NASHVILLE — Talent.
Will to win.
They're a dynamic duo, those two.
They can overcome immaturity, bad shooting, careless turnovers, and poor decision-making, even by the head coach.
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"The worst timeout I've ever called," John Calipari said.
Kentucky beat Vanderbilt, anyway, 58-56.
See, it didn't matter. Playing the 17th-ranked team in the nation, on Vanderbilt's quirky home floor, before a charged-up crowd, it didn't matter that Kentucky shot 35.8 percent from the field, or 18.8 percent from the floor, or 56.7 percent from the foul line.
It didn't matter the Cats turned the basketball over 14 times, or that Calipari admitted he helped the Commodores' last-second cause.
"I gave them a chance to win the game," said the UK coach.
Here's what mattered: A will to win. A will to win, with the talent to do it.
John Wall was what mattered. It wasn't the freshman's best stat line, 13 points, just one assist. Yet with 39.1 seconds left, after driving to the basket, and getting stripped, he somehow got the ball back and scored to give Kentucky a 55-53 lead.
Wait, there's more. Wall made two free throws with 19.9 left to put Kentucky up 57-53. Then when Vandy's John Jenkins nailed a three-pointer, and UK's Eric Bledsoe missed two free throws, it was Wall who used his long arms and ridiculous athleticism to block another Jenkins three-point attempt.
Then he grabbed the ball out of mid-air.
Then he got fouled.
Will to win.
Patrick Patterson was what mattered. The junior buried a monster three-pointer out of the right corner that snapped a 49-all tie. He scored 13 points. He grabbed 13 rebounds. When his younger teammates were losing their heads, Patterson kept his.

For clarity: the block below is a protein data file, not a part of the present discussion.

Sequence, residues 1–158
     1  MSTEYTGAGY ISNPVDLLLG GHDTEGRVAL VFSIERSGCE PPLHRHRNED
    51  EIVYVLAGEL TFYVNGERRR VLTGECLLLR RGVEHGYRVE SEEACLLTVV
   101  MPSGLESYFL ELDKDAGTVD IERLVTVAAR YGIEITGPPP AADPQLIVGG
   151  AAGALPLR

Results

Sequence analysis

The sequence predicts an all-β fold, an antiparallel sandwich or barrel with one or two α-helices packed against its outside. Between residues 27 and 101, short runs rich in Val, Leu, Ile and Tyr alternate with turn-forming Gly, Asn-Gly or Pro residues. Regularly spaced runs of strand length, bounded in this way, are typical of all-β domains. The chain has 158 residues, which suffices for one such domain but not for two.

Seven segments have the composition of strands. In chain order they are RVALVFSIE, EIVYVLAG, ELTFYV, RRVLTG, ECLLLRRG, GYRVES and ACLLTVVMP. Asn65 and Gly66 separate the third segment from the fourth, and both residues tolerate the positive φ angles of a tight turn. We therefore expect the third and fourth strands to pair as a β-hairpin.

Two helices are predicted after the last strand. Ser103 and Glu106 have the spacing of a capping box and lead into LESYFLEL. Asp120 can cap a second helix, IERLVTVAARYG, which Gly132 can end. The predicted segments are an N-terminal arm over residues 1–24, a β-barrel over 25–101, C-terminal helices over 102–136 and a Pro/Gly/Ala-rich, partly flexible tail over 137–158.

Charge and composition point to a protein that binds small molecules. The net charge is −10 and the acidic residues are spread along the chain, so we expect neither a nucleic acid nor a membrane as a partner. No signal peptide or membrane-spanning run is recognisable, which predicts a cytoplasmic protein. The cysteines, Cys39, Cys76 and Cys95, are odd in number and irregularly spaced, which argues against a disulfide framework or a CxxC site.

"Will to win, refuse to lose," said Calipari. "We're developing that."
OK, there was the crazy deal where the Kentucky coach, fearing his team's youth, called timeout with 2.5 seconds left after Wall had made the second of two free throws.
That allowed Vanderbilt's Kevin Stallings, who didn't have a timeout, to set up a near-perfect length-of-the-floor play that would have been perfect had A.J. Ogilvy's runner gone inside the basket.
"Leaked out," said Calipari, still relieved.
Look at the stat line, no way Kentucky wins. The Cats made three of 16 three-pointers. First half, one of the best offensive rebounding teams in the country — "The best," said Calipari — had two offensive boards out of 17 chances. The Cats made five of 10 free throws the first half, 12 of 20 the second.
At one point, Bledsoe lost his cool and flat-out shoved Jeffery Taylor, which earned the freshman a foul, then compounded the matter by getting into a chest-bumping jawfest that earned both Bledsoe and Taylor technical fouls. Plus, Bledsoe missed six of eight shots and turned it over three times.
At another point, as he was heading to the baseline bench, DeMarcus Cousins was motioning for the crowd to get louder. An upset Calipari met him as if his hair was on fire.
"We (do) things to give the other team a chance to beat us," Calipari said afterward.
Then, down the stretch, they do some magnificent things. Last Saturday, they outscored Tennessee 13-6 over the final six minutes to win 73-62. On Tuesday, before the Mississippi State fans loosened up their throwing arms, they overcame a 67-60 deficit in the final three minutes of regulation, missed six of their first 12 free throws in overtime, yet won 81-75.
This game, the Cats trailed 49-45 with 6:08 remaining, yet rallied to win.
"The good thing is," said Calipari, "they don't know they're not supposed to win here."
Plus, the talent to win.